Last year, the crew at St. Gerard House in Hendersonville—an autism support and treatment center—cooked up something special for WNC teens and young adults on the spectrum: a 10-week culinary course. But although participants began working with therapists and local chefs in borrowed space in the fall of 2015, the idea truly came to life this summer, when a grant from the Community Foundation of Henderson County allowed the nonprofit to outfit a teaching kitchen at its campus. The classes are part of St. Gerard’s larger Feed the Need program, pre-vocational training that helps individuals prepare for, find, and retain meaningful employment through experiences in the art studio, garden, and now, kitchen.
“The program is centered around improving social skills,” explains coordinator Julia Matthews—skills that transfer to applying for a job and understanding the dynamic of working as a team. In the kitchen, she says, relationship-building opportunities abound. The students come together each week to plan and make dinner, dine, and then share in cleanup.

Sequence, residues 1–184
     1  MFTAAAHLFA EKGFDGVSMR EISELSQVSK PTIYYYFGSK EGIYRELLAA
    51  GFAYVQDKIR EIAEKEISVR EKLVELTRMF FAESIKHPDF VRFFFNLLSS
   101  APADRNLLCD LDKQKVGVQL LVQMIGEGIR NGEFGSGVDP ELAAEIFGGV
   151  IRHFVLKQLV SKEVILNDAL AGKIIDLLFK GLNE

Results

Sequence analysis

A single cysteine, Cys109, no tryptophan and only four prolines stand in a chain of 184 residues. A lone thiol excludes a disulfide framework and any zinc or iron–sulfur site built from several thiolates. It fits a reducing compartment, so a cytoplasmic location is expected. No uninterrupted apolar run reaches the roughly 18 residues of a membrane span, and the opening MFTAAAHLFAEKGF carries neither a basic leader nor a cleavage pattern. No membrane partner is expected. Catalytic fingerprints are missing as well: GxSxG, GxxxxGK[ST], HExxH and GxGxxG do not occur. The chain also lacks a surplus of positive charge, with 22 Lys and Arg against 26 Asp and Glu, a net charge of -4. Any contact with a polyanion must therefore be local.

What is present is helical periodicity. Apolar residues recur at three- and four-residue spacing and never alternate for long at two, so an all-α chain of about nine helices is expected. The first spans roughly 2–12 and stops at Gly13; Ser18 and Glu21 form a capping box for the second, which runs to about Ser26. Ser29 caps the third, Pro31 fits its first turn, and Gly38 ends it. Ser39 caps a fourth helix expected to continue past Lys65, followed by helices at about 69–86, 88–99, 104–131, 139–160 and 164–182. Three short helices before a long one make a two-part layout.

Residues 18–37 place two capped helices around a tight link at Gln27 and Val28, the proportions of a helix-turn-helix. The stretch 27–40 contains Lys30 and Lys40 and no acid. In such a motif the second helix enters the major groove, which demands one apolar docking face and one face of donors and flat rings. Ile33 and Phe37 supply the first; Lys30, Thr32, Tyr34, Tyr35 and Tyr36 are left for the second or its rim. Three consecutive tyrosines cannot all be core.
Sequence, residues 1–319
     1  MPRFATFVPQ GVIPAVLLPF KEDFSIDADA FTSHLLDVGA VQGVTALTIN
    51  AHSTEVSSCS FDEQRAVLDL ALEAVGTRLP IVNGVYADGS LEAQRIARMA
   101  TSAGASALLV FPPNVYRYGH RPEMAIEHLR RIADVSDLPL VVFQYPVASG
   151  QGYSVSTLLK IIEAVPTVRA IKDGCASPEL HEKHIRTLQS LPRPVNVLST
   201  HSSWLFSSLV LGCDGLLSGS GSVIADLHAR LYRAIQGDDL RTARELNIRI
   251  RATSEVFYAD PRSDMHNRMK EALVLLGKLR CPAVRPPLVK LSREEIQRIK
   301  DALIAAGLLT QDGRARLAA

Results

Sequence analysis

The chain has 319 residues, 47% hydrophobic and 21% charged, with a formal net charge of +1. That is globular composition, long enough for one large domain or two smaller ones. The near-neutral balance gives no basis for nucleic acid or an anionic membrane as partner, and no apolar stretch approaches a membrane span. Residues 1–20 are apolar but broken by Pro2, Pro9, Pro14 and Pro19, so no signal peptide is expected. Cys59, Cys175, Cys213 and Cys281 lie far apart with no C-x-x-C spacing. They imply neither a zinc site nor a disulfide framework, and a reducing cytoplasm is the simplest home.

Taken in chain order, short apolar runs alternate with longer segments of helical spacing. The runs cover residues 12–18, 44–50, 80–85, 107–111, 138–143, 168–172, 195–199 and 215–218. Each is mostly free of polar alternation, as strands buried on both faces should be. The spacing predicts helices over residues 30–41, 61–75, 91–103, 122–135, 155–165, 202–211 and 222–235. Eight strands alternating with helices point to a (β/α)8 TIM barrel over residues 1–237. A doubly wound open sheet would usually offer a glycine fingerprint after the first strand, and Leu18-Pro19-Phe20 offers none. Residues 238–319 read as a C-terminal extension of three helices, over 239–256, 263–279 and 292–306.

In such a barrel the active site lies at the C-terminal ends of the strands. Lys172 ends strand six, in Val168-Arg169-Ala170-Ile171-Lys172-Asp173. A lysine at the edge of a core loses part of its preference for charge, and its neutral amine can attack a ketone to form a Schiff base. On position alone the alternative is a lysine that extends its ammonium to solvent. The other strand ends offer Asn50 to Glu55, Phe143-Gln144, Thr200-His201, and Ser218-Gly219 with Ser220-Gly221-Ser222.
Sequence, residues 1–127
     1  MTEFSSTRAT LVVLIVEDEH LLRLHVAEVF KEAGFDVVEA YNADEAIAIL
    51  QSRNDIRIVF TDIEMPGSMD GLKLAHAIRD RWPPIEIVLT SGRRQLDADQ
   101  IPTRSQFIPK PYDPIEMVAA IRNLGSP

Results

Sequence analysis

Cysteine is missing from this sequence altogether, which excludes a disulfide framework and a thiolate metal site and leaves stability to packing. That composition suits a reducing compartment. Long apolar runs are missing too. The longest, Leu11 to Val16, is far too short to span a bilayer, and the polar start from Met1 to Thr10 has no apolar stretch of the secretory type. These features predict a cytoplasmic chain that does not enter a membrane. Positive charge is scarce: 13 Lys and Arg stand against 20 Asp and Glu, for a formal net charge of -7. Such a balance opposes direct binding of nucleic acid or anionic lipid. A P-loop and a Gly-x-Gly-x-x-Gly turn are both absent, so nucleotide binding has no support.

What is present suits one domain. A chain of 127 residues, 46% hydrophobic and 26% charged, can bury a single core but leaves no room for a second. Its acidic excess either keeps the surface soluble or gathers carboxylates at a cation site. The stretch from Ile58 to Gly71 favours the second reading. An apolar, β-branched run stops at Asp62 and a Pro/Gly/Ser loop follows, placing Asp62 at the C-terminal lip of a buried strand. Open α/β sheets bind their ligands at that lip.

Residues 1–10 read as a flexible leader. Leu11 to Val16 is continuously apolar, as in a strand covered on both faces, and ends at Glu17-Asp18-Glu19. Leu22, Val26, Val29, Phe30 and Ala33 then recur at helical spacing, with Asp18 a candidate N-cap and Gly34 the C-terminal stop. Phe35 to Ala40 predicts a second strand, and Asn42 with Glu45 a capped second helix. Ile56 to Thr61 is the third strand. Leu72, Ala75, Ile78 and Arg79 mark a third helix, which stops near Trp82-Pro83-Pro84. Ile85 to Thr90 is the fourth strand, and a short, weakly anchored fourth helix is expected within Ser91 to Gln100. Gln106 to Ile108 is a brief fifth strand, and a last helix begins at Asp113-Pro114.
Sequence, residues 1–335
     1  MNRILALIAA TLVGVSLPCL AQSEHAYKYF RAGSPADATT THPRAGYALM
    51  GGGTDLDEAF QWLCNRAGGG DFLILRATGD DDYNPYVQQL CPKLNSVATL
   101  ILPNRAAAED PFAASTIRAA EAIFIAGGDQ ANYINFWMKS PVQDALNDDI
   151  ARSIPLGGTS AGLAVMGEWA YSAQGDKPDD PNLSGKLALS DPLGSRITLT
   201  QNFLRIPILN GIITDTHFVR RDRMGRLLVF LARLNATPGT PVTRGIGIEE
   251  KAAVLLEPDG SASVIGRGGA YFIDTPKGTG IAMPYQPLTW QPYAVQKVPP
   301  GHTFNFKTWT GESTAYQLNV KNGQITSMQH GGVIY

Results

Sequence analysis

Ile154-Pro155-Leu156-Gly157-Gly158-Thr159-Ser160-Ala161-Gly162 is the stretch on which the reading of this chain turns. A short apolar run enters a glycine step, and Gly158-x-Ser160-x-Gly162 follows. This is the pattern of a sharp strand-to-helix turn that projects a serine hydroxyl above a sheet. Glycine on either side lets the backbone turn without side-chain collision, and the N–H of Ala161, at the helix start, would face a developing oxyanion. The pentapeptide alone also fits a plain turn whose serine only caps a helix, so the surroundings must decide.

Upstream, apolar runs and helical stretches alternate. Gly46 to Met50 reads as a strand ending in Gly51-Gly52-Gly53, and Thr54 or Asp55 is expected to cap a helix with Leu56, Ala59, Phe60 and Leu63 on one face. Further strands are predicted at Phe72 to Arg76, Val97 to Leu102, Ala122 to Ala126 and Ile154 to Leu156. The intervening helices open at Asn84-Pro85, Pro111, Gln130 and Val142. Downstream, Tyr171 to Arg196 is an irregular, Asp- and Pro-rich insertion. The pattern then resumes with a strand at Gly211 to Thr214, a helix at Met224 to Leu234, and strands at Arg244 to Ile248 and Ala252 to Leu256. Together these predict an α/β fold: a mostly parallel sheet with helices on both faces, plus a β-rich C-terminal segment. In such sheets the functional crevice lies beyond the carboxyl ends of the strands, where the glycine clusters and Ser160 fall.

“Our participants really gain a sense of community,” Matthews says. “Enjoying a meal together is a magical thing.”
While some Feed the Need students go on to jobs in farming or food service, the intention is to prepare them for a wide array of positions. In addition to helping participants develop the broad social skills needed for employment, Matthews notes, the program boosts confidence to enter the workforce and teaches competencies like perseverance and time management—which prove useful both in a restaurant kitchen and when preparing a multi-course Thanksgiving meal for family and friends.
Learn more about Feed the Need and St. Gerard House's programming for all ages, as well as support for family members, at stgerardhouse.org.